HOW DO ANTINEOPLASTIC HORMONES WORK?
Antineoplastic hormones are a class of drugs used to treat secondary amenorrhea (absence of menstruation), abnormal uterine bleeding due to hormonal imbalance, advanced breast and endometrial cancer (cancer that begins in the lining of the uterus), and symptoms of menopause (end of menstrual cycles) such as hot flashes, vaginal dryness, and vaginal burning or irritation in females, and to treat low testosterone levels in men, delayed puberty in boys, hypogonadism (a condition that occurs when the sex glands produce little or no sex hormones), impotence, and prostate cancer.
Estrogens are responsible for the development and maintenance of the female reproductive system and secondary sexual characteristics. While in males, testosterone is responsible for many normal functions, including growth and development of the genitals, muscles, and bones.
Antineoplastic hormones work in the following ways:
- They belong to a class of medications called "progestins" that work by preventing abnormal growth of the lining of the uterus.
- They are a man-made version of the human hormone progesterone which helps in treating breast and endometrial cancer by affecting female hormones involved in the growth of cancer cells.
- They belong to a class of medications called "antimicrotubule agents" that work by stopping the growth and spread of cancerous cells.
- They are androgen and anabolic steroid medications similar to the natural testosterone produced by the body.
HOW ARE ANTINEOPLASTIC HORMONES USED?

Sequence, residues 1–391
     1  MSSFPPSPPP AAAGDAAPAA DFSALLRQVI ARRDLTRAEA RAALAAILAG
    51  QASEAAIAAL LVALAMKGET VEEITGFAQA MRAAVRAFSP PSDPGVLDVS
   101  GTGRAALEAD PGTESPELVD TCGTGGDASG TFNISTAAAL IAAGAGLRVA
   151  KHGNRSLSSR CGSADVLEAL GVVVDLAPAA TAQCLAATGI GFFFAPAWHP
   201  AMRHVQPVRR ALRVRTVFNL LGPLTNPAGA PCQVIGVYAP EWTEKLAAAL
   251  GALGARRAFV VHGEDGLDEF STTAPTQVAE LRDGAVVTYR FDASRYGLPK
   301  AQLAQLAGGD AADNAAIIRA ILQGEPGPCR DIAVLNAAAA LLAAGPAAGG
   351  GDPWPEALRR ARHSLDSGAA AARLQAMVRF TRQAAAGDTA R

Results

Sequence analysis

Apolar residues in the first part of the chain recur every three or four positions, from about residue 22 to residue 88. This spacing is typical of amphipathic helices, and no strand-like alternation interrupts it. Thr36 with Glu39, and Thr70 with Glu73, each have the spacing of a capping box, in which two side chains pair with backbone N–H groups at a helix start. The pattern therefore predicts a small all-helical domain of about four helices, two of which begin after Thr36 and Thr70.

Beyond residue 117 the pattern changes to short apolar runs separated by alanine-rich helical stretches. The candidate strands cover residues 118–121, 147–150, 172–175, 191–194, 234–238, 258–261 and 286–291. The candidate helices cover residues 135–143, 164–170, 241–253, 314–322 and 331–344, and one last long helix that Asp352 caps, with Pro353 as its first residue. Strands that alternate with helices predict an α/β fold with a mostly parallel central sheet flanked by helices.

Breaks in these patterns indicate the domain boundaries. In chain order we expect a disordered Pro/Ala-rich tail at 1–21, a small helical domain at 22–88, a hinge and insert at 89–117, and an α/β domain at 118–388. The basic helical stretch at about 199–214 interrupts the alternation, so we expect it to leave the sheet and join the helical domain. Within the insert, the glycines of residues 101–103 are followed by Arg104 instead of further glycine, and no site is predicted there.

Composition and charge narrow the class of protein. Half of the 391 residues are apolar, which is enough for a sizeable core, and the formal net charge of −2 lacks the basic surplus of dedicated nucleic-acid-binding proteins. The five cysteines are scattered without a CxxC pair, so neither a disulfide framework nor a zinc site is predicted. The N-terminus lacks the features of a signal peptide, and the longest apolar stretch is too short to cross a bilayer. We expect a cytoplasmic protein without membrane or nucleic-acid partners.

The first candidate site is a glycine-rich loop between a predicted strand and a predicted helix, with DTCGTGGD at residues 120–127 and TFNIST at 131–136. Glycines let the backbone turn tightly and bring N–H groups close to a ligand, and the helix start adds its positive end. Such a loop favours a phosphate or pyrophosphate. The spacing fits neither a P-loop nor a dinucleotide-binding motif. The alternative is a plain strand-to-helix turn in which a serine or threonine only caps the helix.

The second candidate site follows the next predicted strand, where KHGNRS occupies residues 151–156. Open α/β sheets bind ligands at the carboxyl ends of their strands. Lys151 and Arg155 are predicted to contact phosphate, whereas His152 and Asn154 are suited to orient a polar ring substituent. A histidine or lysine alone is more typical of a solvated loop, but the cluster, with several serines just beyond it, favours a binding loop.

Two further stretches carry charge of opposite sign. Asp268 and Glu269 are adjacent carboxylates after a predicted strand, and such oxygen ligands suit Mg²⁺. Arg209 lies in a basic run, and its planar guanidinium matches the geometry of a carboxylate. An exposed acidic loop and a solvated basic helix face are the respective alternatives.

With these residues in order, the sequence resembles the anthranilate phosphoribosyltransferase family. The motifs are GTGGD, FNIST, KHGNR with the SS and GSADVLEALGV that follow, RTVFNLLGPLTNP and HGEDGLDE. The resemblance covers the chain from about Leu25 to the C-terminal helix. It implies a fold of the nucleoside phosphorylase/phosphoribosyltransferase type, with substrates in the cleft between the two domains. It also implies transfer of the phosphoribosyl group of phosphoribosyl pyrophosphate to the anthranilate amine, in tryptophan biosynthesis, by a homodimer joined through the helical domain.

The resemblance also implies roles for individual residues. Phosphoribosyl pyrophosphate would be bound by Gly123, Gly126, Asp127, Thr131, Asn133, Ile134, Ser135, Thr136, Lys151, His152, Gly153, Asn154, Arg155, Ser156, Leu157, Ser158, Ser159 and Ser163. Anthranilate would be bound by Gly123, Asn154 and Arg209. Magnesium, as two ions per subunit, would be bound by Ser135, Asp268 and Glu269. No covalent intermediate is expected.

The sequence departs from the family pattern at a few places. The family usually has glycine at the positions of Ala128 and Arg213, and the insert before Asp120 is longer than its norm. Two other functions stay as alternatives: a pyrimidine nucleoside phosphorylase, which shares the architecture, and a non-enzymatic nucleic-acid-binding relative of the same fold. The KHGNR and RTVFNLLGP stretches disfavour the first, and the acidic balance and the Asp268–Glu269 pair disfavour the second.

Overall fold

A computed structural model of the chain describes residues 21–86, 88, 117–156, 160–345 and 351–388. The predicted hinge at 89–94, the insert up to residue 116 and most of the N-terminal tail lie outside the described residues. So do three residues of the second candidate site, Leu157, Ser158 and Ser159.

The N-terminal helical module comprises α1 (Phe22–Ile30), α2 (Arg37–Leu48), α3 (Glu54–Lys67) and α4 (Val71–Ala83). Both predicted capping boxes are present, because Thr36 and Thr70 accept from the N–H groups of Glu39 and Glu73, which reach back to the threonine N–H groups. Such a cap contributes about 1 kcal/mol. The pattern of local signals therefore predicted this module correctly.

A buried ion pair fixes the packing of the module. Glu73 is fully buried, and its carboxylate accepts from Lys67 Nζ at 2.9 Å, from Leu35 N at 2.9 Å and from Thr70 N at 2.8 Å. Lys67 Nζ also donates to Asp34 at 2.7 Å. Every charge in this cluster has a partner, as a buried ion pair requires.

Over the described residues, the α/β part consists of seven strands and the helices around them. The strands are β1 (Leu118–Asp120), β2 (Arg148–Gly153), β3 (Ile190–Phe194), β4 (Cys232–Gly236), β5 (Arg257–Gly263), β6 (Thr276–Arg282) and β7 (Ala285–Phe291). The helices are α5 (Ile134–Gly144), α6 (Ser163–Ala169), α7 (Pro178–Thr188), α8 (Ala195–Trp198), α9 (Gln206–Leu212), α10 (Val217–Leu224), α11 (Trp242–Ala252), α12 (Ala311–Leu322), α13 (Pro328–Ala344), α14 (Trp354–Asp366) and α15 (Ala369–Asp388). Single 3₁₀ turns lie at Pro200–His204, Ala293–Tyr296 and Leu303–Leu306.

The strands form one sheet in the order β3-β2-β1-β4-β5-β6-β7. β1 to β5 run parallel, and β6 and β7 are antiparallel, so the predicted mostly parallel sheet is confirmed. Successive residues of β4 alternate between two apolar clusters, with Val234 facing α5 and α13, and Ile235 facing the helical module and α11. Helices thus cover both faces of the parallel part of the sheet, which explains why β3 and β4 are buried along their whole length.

Antineoplastic hormones are used to treat conditions such as:
- In females
- Inoperable breast cancer
- Postpartum breast pain and engorgement (after childbirth)
- Metastatic endometrial cancer (cancer that begins in the layer of cells that form the lining [endometrium] of the uterus)
- Secondary amenorrhea (absence of menstruation)
- Abnormal uterine bleeding
- Endometrial hyperplasia reduction (a condition in which the endometrium [lining of the uterus] is abnormally thick)
- Endometriosis-associated pain (a disease in which the endometrium [the tissue that lines the inside of the uterus] is present outside of the uterus)
- Menopause (end of menstrual cycles)
- Atrophic vaginitis (thinning, drying, and inflammation of the vaginal walls)
- Kraurosis vulvae (a rare disease characterized by intense itching and inflammation of the vulva)
- Hypogonadism (a condition that occurs when the sex glands produce little or no sex hormones)
- Primary ovarian failure (when the ovaries stop working before age 40 years)
- In males:
- Metastatic renal carcinoma
- AIDS-related cachexia (involuntary weight loss or wasting indicative of severe protein energy malnutrition)
WHAT ARE SIDE EFFECTS OF ANTINEOPLASTIC HORMONES?
Some of the common side effects include:
- Breast tenderness and enlargement
- Leg cramps
- Oily skin
- Hot flushes
Other rare side effects include:
- Hair loss
- Chest pain
- Shortness of breath
- Chills, sore throat, fever, or cough
- Blurred vision
- Peripheral edema (swelling of lower legs or hands)
- Irregular vaginal bleeding or spotting
- Decreased sexual desire
- Growth of hair on the face
- Menstrual irregularities
- Priapism (persistent and painful erection of the penis)
- Gynecomastia (enlarged male breast tissue)
- Increased weight
- Amenorrhea (absence of menses)
- Melasma (a common pigmentation disorder that causes brown or gray patches to appear on the skin, primarily on the face)
Information contained herein is not intended to cover all possible side effects, precautions, warnings, drug interactions, allergic reactions, or adverse effects. Check with your doctor or pharmacist to make sure these drugs do not cause any harm when you take them along with other medicines. Never stop taking your medication and never change your dose or frequency without consulting your doctor.
WHAT ARE NAMES OF ANTINEOPLASTIC HORMONES?
Generic and brand names of antineoplastic hormones include: